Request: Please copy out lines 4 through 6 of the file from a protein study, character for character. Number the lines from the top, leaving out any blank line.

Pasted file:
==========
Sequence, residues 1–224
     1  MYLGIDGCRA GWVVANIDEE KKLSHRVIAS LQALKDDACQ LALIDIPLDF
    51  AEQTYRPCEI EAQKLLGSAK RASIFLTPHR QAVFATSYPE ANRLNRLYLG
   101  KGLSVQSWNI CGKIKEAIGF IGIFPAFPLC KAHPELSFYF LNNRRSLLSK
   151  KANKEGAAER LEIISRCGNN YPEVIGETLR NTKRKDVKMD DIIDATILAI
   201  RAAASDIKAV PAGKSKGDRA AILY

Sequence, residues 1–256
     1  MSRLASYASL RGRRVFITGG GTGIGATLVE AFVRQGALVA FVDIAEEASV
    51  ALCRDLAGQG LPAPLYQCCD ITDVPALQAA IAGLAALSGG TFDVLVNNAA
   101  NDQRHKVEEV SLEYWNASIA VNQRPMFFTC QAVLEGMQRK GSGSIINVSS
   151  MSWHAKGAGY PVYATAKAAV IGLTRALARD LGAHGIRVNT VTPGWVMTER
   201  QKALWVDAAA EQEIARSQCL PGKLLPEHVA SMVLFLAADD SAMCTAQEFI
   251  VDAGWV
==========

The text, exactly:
   101  KGLSVQSWNI CGKIKEAIGF IGIFPAFPLC KAHPELSFYF LNNRRSLLSK
   151  KANKEGAAER LEIISRCGNN YPEVIGETLR NTKRKDVKMD DIIDATILAI
   201  RAAASDIKAV PAGKSKGDRA AILY